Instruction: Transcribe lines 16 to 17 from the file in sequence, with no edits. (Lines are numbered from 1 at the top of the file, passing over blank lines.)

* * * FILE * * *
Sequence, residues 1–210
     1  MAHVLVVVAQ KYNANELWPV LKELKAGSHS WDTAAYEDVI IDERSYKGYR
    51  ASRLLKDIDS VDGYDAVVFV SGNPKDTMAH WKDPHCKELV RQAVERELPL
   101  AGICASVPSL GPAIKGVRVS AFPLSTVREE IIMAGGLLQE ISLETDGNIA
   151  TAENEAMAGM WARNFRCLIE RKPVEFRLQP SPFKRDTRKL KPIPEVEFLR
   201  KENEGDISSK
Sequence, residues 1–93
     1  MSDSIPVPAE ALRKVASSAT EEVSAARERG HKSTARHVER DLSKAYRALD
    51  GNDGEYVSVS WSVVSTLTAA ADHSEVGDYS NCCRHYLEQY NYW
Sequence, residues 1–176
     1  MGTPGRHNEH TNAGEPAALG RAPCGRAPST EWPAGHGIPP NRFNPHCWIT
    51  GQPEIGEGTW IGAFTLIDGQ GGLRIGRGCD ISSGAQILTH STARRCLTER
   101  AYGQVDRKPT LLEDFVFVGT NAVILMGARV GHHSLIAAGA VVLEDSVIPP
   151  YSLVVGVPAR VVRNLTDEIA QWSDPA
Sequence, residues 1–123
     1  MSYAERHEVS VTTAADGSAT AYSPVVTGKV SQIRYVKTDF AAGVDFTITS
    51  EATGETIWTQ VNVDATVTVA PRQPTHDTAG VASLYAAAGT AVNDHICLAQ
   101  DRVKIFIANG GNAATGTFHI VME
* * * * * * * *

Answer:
     1  MSYAERHEVS VTTAADGSAT AYSPVVTGKV SQIRYVKTDF AAGVDFTITS
    51  EATGETIWTQ VNVDATVTVA PRQPTHDTAG VASLYAAAGT AVNDHICLAQ